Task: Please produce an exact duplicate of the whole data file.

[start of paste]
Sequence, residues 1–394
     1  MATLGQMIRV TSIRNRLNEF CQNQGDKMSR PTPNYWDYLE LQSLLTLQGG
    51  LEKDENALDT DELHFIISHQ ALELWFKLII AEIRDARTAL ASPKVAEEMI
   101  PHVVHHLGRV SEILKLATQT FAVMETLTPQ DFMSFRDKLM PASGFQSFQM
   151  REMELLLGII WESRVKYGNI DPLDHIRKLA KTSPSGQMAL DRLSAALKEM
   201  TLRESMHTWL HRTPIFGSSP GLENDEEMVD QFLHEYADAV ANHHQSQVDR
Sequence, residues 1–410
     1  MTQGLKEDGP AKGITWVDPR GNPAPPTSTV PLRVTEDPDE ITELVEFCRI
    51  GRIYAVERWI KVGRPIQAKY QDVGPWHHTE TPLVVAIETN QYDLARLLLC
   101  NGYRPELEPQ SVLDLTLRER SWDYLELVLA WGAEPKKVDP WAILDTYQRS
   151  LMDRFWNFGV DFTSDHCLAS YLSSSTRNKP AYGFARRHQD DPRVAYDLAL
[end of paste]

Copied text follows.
Sequence, residues 1–394
     1  MATLGQMIRV TSIRNRLNEF CQNQGDKMSR PTPNYWDYLE LQSLLTLQGG
    51  LEKDENALDT DELHFIISHQ ALELWFKLII AEIRDARTAL ASPKVAEEMI
   101  PHVVHHLGRV SEILKLATQT FAVMETLTPQ DFMSFRDKLM PASGFQSFQM
   151  REMELLLGII WESRVKYGNI DPLDHIRKLA KTSPSGQMAL DRLSAALKEM
   201  TLRESMHTWL HRTPIFGSSP GLENDEEMVD QFLHEYADAV ANHHQSQVDR
Sequence, residues 1–410
     1  MTQGLKEDGP AKGITWVDPR GNPAPPTSTV PLRVTEDPDE ITELVEFCRI
    51  GRIYAVERWI KVGRPIQAKY QDVGPWHHTE TPLVVAIETN QYDLARLLLC
   101  NGYRPELEPQ SVLDLTLRER SWDYLELVLA WGAEPKKVDP WAILDTYQRS
   151  LMDRFWNFGV DFTSDHCLAS YLSSSTRNKP AYGFARRHQD DPRVAYDLAL